A terrace house (also known as a ‘terraced house’) is called a townhouse in North America and South Africa, and it refers to a style of medium-density housing that originated in Europe in the 16th century. Their other common name is ‘row houses’ (especially in India and some parts of the USA), which makes more sense, seeing as it’s a row of identical or mirror-image houses that share side walls.
A terrific example is the “Painted Ladies” located in San Francisco, flaunting their similar architectural styles and eye-catching colours side by side.
In South Africa, it is not uncommon to find a complex and estate with townhouses or flats designed in this style, where two or more units share side walls.
Style wise, terraced houses or townhouses can be in any design imaginable, depending on the complex in which they are situated. The most common styles to be found in South African complexes and estates are usually modern, contemporary and rustic. In the case of rustic, townhouse complexes flaunt neutral/earthy colour schemes as well as thatched roofing, and the style is usually mirrored in the estate’s garden design, as well as its available amenities (such as the swimming pool, if applicable, and parks).
The basic idea of acquiring a terraced house is to save the owner the extra costs of maintenance and upkeep while also providing recreational and other amenities for which costs are shared by a homeowners association. But before you jump on the bandwagon and purchase yourself a terraced house in a neat estate, take both pros and cons into consideration:
The initial purchasing price of a townhouse/terraced house is generally lower than that of a similar-sized free-standing home. It’s also not uncommon to be presented with a discount when looking for a terraced house, as a lot of developers offer discounts in order to sell as many units as possible as soon as construction is completed.
The maintenance costs of the ‘common areas’ of a townhouse complex, such as the lawns, gardens, parking spaces and picnic areas, are shared by terraced house developments. The homeowners association contracts this work to outside firms that specialise in grounds maintenance, thereby saving owners the trouble of carrying out the work themselves.
A lot of owners of terraced houses purchase them simply for the sake of getting to use the available amenities in the complex, such as the swimming pool(s) and tennis courts. In addition, there may be extra parking areas for guests to use, as well as meeting rooms (or clubhouses) available for private gatherings.
You should know that to live in a townhouse complex means having less privacy than living in a free-standing house in a suburban neighbourhood, as the units are built in groups or rows where the homes share common walls and/or roofs. As a result, noise levels may become an issue, and the density of the development will be much higher than in a neighbourhood of single-family homes.
Bear in mind that living in a townhouse complex (regardless of whether you are renting or buying) also enforces the estate’s rules and regulations upon you, such as speed restrictions, the washing and parking of motor vehicles, and/or reducing all noise levels after a certain prescribed time at night.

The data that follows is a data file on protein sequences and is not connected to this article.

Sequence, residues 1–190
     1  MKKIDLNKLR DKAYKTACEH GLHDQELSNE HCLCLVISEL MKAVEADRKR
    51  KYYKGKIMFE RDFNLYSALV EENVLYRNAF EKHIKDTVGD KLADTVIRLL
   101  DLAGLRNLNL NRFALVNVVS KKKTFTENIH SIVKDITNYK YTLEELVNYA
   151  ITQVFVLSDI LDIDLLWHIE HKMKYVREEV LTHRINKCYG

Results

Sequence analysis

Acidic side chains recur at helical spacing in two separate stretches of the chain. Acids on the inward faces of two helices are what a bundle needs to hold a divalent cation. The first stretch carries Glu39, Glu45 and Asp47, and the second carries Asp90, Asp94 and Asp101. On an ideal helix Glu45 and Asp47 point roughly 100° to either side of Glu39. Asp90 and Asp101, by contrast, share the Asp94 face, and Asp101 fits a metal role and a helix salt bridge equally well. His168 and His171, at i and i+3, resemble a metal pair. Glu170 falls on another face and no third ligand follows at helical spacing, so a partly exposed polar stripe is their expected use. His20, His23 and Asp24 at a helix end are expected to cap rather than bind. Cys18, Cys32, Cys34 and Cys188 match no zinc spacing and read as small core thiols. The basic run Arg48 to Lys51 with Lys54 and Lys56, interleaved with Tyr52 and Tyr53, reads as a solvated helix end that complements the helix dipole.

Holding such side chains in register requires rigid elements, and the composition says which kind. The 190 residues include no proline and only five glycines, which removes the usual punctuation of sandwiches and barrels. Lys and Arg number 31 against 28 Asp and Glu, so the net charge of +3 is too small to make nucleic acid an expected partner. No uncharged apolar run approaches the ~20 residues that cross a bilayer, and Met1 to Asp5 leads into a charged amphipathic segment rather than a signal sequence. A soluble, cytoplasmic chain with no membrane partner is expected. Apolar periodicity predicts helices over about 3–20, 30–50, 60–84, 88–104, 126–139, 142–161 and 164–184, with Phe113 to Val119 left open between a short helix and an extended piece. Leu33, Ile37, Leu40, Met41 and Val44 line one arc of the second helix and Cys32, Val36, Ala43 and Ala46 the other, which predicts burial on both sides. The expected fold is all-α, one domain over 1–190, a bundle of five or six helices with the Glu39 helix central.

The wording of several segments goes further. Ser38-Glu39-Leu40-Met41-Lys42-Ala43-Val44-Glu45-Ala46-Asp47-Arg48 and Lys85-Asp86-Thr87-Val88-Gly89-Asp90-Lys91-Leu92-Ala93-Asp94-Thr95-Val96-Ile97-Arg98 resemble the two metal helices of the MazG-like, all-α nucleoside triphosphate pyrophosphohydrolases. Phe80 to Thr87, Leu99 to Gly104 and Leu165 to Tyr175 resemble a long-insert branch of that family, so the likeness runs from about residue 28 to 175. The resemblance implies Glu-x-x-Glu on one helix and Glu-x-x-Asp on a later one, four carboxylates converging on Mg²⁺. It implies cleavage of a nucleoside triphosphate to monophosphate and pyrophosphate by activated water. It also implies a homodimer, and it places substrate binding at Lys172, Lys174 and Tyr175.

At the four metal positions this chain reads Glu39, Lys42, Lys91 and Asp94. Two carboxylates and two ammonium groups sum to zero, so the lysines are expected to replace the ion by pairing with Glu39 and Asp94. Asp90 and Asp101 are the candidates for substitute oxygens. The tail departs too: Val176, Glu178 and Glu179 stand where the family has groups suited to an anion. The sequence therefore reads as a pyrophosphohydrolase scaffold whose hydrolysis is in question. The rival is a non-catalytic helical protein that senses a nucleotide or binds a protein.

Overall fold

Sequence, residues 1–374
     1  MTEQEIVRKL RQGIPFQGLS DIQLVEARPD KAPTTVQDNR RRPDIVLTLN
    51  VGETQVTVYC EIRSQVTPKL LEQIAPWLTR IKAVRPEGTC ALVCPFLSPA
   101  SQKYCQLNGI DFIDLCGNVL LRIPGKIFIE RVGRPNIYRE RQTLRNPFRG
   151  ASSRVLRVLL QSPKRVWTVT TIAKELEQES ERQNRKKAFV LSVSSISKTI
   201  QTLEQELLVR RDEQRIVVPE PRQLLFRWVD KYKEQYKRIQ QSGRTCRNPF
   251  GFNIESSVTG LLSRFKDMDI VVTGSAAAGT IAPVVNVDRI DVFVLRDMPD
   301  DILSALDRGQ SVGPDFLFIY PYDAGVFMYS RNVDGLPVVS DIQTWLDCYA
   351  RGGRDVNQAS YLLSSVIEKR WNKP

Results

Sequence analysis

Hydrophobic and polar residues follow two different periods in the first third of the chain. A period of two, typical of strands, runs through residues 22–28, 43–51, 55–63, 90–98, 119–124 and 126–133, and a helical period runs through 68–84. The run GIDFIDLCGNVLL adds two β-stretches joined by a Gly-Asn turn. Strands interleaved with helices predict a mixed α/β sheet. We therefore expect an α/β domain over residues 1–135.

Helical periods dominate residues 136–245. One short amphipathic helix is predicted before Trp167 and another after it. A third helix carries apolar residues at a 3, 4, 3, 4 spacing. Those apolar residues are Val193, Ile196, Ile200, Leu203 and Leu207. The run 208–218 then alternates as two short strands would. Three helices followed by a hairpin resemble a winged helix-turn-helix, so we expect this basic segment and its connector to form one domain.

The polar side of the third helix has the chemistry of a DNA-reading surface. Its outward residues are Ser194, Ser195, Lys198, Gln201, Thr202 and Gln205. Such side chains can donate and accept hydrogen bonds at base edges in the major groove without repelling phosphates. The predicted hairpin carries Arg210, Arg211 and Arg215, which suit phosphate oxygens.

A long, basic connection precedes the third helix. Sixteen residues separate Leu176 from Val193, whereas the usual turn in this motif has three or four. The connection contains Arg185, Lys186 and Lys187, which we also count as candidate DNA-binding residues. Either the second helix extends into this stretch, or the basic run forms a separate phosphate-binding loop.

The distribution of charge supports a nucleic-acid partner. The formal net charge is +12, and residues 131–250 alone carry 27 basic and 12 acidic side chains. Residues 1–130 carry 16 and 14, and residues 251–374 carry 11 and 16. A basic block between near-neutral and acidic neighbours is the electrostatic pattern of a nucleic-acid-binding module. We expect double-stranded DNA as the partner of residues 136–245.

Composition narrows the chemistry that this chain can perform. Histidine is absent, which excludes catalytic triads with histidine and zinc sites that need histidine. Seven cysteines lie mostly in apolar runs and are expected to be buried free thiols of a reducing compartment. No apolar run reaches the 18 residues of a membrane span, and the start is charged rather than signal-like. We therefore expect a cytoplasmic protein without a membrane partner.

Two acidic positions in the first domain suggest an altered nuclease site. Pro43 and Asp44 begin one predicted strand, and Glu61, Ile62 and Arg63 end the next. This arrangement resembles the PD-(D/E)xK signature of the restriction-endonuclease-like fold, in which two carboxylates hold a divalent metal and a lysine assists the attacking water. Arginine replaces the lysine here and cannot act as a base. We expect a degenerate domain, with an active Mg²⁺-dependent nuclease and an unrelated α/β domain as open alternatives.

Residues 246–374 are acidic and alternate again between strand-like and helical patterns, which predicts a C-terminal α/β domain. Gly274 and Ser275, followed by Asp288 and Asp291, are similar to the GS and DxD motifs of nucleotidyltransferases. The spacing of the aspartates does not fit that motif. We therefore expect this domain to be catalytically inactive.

In terms of purchasing property as a form of investment, housing units in a security complex can be a more financially sound decision. As terraced houses are all situated within the same security walls, they are often reported as being better priced.
Another crucial factor should be kept in mind: safety. Residing in a townhouse in a security complex is meant to offer more safety, with all units enclosed by security fencing and guards monitoring entrants into the complex – a definite plus point when it comes to picking out properties.
While building costs for free-standing houses cost an average of R6,539 per square metre (depending on various factors, of course), townhouses and flats clock in at approximately R7,581 per square metre. Location also plays a big role, as construction of residential structures (i.e. free-standing houses, townhouses and flats) is most expensive in KwaZulu-Natal, for example. With the exception of townhouses/terraced homes (where Northern Cape holds the number three position), the provinces of Gauteng, Western Cape and KwaZulu-Natal hold the top three cost positions for all the other building types.
Houses smaller than 80 m² present building costs of around R4,438/m², while those exceeding 80 m² are valued at roughly R6,614 per square metre.
Seeking a terrace house / townhouse? How about a city flat or apartment? Here is where homify can help, for our ever-increasing collection of houses show off a wide variety of styles and designs (not to mention sizes and budgets) to get your inspirational juices flowing.
Pair that up with our wide range of professionals, such as architects and interior designers, and you have quite a few expert options to help you acquire the house of your dreams.